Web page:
Dr. Glenn Blodgett is the horse division manager at the 6666 Ranch, a member of the SBS Affiliate Laboratory Network and the current president of the American Quarter Horse Association. In recent years, Dr. Blodgett has implemented the use of chemical ejaculation with one of the stallions in his care. In this article, he will share with us in what situations chemical ejaculation might be useful, recent research performed using the procedure, how he uses it in his breeding program and the success rate of his attempts.
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A Stallion Breeding Soundness Exam
In our previous article, My Stallion is Not Settling His Mares…What Do I Do?, we discussed possible causes for the decline in a stallion’s fertility and areas of reproductive management one can investigate further to determine if the infertility can be suitably managed or resolved. One tool a stallion owner/manager can use to better understand the reproductive status of their stallion is to have a breeding soundness exam (BSE) performed. In this article, Dr. Ed Squires outlines the components of a routine BSE which include: physical exam, reproductive history, testes palpation and/or ultrasound, semen evaluation, cultures and an assessment of his sexual behavior. A BSE provides valuable information on how to manage the stud and gives an indication of the number of mares he could breed.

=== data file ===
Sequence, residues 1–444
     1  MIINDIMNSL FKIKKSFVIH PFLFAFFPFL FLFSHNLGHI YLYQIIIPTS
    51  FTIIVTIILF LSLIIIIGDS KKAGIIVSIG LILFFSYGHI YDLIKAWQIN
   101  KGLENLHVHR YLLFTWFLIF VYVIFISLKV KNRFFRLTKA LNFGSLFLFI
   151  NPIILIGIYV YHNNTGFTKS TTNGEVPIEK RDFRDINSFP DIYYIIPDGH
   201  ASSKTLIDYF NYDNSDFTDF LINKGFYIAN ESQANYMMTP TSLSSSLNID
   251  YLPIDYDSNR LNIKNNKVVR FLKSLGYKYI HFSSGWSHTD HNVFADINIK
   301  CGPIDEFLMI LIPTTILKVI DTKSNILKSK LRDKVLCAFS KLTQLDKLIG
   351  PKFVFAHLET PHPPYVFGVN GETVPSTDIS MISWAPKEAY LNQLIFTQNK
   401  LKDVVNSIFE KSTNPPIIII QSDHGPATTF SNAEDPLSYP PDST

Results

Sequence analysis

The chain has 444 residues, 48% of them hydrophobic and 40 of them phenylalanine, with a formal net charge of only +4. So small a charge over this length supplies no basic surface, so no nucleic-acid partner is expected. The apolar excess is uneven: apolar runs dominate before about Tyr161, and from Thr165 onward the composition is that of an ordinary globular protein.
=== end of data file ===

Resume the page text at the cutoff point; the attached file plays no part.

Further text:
My Stallion is Not Settling His Mares...What Do I Do? - Part 2
How a stallion owner/manager responds to and handles mare owner concerns regarding semen quality or fertility can make or break a relationship or reputation. This article aims to give stallion owners an overview of the factors involved and provide a systematic guide to troubleshooting a resolution if possible. In Part 1 of this article, published in last month’s newsletter, we discussed the stallion’s breeding history, the importance of a breeding soundness exam (BSE), and stallion management practices as well as semen quality and evaluation. This month in Part 2, we will review common problems identified after the semen evaluation, the relevance of the mare book and their reproductive status and discuss the topic as it relates to those stallions breeding with frozen semen.